leader of the powerful Transport and General Workers Union, Ernest Bevin, became the
representative of the trade union element in the Labour Party, served in Churchill's
coalition war cabinet as Labour Minister (1940-45) and subsequently as Labour Foreign
Minister (1945-51). As Foreign Secretary, Bevin followed a anti Soviet Cold War policy
that laid the foundation for NATO and formalized an alliance with rising US imperialism.

Trade unionism in Britain retarded British socialist politics. By the
1880s, when socialists were a political force in French, Belgian and
German parliaments, Britain only had half a dozen "Lib-Labs" labourites elected on the
Liberal ticket. While on the Continent, labor unions were controlled or brought into
existence by socialist political parties, British unions gave birth to and later led the
Labour Party which developed non socialist tradition than its Continental counterparts,
with regard to public ownership of the means of production, British Labour was busy
defending unions as respectable institutions of the establishment.
It was only when the very existence of unions was threatened by the
British courts' Taff Vale decision, which held unions financially
responsible for business losses incurred by employers during strikes, that the Labor
Party sent 29 members to Parliament to overturn the decision.
The Liberal Party, to retain the working class vote, put through a
spectacular program of social welfare, for which David Lloyd George was smeared with the
insulting label of "socialist" by his conservative

After the failures of 1848, socialism went into abeyance for two decades. Marx
published his "Das Kapital" in 1867 (first English trans. in 1887, 4 years after his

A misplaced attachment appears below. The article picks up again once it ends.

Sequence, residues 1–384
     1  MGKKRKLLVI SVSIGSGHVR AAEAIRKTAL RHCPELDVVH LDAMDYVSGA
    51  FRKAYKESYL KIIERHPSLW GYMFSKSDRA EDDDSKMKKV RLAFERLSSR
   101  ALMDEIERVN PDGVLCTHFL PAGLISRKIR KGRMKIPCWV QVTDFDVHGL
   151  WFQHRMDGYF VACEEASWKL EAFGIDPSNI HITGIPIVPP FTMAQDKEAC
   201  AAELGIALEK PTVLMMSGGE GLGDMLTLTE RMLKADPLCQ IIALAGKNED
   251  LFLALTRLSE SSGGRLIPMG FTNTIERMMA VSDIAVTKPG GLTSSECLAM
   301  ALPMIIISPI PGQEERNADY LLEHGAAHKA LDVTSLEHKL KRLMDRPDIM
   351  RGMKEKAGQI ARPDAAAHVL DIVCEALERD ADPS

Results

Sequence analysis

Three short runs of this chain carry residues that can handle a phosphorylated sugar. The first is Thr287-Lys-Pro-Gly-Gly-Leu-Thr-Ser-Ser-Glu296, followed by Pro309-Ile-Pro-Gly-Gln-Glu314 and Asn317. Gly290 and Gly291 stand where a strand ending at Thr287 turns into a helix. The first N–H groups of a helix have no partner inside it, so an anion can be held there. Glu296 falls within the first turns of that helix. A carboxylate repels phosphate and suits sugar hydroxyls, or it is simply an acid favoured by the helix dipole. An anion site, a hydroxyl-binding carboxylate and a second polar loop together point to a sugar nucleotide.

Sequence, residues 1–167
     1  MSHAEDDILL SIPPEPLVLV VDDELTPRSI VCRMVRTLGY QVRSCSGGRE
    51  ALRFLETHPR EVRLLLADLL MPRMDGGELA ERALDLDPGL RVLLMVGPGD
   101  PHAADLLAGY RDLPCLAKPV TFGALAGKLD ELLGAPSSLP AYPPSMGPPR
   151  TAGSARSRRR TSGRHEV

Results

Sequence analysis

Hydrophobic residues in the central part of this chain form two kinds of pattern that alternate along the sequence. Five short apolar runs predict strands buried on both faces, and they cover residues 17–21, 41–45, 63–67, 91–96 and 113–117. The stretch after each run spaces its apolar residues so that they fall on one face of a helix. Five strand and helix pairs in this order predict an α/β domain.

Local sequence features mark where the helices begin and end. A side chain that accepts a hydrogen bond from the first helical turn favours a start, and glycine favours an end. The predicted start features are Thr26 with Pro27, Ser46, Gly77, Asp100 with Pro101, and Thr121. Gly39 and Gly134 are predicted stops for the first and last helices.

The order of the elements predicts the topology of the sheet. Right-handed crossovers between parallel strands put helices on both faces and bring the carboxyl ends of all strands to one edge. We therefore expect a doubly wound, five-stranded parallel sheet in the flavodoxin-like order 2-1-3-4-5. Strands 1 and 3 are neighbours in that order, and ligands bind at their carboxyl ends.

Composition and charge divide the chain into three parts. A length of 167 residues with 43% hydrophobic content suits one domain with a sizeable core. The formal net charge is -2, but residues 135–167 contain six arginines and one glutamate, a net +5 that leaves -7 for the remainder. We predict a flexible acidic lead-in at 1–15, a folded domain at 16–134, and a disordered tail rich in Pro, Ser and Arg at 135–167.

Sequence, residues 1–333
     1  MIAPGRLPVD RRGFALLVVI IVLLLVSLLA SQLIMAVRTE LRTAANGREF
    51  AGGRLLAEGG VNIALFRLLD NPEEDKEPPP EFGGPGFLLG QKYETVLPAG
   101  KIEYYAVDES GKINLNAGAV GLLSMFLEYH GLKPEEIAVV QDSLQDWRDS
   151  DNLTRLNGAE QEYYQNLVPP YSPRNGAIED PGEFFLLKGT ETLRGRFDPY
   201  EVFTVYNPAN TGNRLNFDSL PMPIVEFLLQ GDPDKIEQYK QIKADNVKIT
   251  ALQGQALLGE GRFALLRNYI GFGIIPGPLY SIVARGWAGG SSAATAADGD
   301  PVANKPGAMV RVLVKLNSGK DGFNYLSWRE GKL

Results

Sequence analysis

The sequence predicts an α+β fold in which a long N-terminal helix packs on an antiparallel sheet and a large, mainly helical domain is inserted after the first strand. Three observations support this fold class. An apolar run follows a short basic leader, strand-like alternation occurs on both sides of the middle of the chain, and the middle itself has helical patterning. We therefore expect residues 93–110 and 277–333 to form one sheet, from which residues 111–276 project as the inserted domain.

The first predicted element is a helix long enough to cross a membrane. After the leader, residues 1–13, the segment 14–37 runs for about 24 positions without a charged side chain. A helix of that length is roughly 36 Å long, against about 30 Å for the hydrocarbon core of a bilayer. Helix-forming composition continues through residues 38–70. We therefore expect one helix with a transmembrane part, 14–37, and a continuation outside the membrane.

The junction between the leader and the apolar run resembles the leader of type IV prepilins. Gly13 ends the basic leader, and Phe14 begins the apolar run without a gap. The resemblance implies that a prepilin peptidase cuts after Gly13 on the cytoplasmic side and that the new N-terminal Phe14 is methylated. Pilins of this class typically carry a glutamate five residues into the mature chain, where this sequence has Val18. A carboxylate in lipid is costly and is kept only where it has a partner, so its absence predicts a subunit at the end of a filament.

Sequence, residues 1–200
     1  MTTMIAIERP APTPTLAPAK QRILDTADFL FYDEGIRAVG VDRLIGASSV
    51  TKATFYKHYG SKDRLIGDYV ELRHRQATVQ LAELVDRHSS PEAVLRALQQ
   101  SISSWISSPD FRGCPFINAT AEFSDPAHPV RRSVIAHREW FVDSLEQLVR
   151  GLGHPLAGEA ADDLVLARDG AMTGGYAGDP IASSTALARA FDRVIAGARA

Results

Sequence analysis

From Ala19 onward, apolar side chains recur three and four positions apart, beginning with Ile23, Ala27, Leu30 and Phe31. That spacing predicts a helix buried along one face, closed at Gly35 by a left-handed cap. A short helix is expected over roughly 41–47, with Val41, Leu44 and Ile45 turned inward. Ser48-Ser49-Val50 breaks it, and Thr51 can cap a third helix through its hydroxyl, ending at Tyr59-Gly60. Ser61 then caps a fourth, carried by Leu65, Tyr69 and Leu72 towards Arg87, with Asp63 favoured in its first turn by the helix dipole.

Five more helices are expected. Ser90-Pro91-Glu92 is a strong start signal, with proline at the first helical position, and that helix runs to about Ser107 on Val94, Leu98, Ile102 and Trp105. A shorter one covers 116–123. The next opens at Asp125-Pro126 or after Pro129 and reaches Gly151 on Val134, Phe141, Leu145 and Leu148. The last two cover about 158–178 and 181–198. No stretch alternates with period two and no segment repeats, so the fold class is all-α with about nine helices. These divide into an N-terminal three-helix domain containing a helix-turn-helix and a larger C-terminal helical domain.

death, with Volume II and III, ed. by Engels 1884-94, Eng. trans 1907-9). The manuscript
for the fourth volume was edited by Karl Kautsky and published as Theroien uber den
Mehrwert (3 parts, 1905-10). The English translation of the 1st part , A History of
Economic Theroies, was not published until 1952! Selected translations were published
as Theories of Surplus Value in 1951.

Marx rejected utopian socialism and introduced scientific socialism.
Louis Blanc (1811-82), in his Organization du Trvail, published 1840, from which sprung
the famous "from each according to his ability, to each according to his needs",
advocated workers cooperatives supported by the state, provided a link between utopian
and scientific socialism.
Breaking with the tradition of natural rights as a basis for reform, Marx invoked
"inevitable" laws of historical premises.
Through dialectic materialism, which presumes the primacy of economic determinants in
history, the premise of class struggle holds that a specific class can rule only as long
as it represents the productive forces of society, and from this historical process, a
classless society would eventually emerge.

Class struggle has nothing to do with promoting hatred between classes, as capitalist
propaganda fear mongering would have us believe.
Class struggle leads to the demise of capitalism out of a scientific
historical process by the nature of economic concepts such as the labor theory of value
and the idea of surplus value.
These concepts argue that the value of a commodity is determined by the amount of labor
required for its manufacture. The value of the
commodities purchasable by the worker's wage is less than the value of the commodities
he produces, the difference, called surplus value, is the profit for the capitalist who
owns the capital.

As productivity improves through industrialization, the fruits of
production are kept from the workers who contribute most to its
production, through the exploitation of labor by capital via the
capitalistic structures in the economy. If and when these exploitative
features are removed, capitalism will be replaced by socialism as
feudalism had once been replaced by capitalism.

It is when the capitalist class employs armed resistance to this natural
development that makes revolution by the working class necessary.
Socialist revolutionaries seeks to destroy only the political structure
that seeks to foil the natural evolutionary dysfunction of capitalism.